Increasing Literacy in Children
Literacy is important. This is a fact that cannot be stressed enough. Often, arts and literature are tossed to the side to make way for additional funding in other areas, but learning to read lays the foundation for further education and social contribution. Two-thirds of children who cannot read proficiently by the fourth grade will end up in jail or on welfare. Considering that one quarter of American children grow up without learning to read proficiently, this sets a dangerous precedence. Nearly 85% of juveniles facing the court system and 60% of all inmates in the US are illiterate. This number continues to increase. The United States is the only country in the developed world where one generation is growing up less educated than the previous one.
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Fortunately, there is a way to fix this. The government changes funding to educational programs every year, cutting funding in some and increasing it in others. Recent budget crunches mean that less money will flow to literacy and educational programs. In 2014, all federal funding was eliminated from the Reading is Fundamental program, and current budget proposals seek to eliminate Federal funding for educational programming such as PBS and the Corporation for Public Broadcasting. So, the fix must begin at home.
Successful parenting results in children becoming adults who contribute to society. This occurs through many methods and styles, but the one unifying feature is literacy. Children who are read to have higher cognitive skills and literacy than kids whose parents do not read to them. They can count to twenty at an earlier age, write their own names earlier, and read earlier. Children who read are able to develop greater skills in other areas, including mathematics, much earlier as well. Here are a few tips to help develop literacy in children.
Read to Your Children
Many parents begin this process while their children are in the womb. Expectant mothers play books on tape through headphones placed on their bellies. While the effects are debatable, this helps foster parental behaviors. Children who are read to at least fifteen minutes a day are more likely to read for fun as they grow older. They see reading as important, so they tend to develop stronger reading habits, leading to increased cognitive abilities and intellectual growth later in life.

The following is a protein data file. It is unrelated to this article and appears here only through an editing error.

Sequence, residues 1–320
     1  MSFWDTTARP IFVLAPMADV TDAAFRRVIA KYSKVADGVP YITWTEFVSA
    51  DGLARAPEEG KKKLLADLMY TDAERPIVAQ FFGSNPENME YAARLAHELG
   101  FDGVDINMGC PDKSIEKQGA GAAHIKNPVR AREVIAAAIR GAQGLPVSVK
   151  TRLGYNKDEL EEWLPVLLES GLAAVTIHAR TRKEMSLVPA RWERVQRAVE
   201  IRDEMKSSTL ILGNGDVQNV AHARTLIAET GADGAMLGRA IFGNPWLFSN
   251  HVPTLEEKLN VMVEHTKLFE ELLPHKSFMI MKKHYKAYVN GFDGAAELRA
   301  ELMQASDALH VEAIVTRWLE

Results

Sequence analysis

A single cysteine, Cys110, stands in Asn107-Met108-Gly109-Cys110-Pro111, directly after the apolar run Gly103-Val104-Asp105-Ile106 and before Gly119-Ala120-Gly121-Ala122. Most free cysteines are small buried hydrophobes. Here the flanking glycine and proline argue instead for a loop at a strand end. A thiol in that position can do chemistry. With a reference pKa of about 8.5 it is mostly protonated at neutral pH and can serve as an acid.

Increase the Availability of Reading Sources in the Home
Studies show that children who have at least four types of reading materials in the home (i.e. books, magazines, newspapers, encyclopedias, etc.) develop a greater appreciation of reading. When reading is more accessible it becomes less daunting.
Set Aside Time Each Day
Once children develop basic reading skills, they can improve them through further practice. Setting aside fifteen or twenty minutes a day for the child to read introduces theme to about one million new words a year. Taking a step back for a relaxing activity also removes the stressors of family life. It forces a moment of mediation that reduces stress. Setting time aside increases vocabulary and encourages healthy reading habits.
There are a ton of literacy programs out there. Some encourage reading during the summer break from school, during which time many children lose a month of what they have learned. Scholastic, Barnes & Noble, Sylvan Learning, and others offer free books and prizes for completing a certain amount of reading. Also, programs such as Dolly Parton’s Imagination Library and Reading Is Fundamental’s Books For Ownership program, give away free books to children. These programs increase accessibility to books and turn reading into a game that children might accept more readily.
Set the Example
Children draw behavioral influences from their parents. This includes gestures, temperaments, and habits. Improving literacy in children means turning reading into a habit. If the child sees a parent reading regularly, then they are more likely to read themselves. In addition, the parent may improve their own literacy. Increased exposure to literature may translate to benefits for the entire family.
Literacy development in children relies on parents exposing their children to reading. The more that reading becomes a lifestyle, the greater chances are that a child will develop better skills in other areas as well. They will be more likely to finish school and become productive members of society. They will contribute to any field in which they find employment and will likely avoid jail or imprisonment. Reading really is fundamental to childhood development.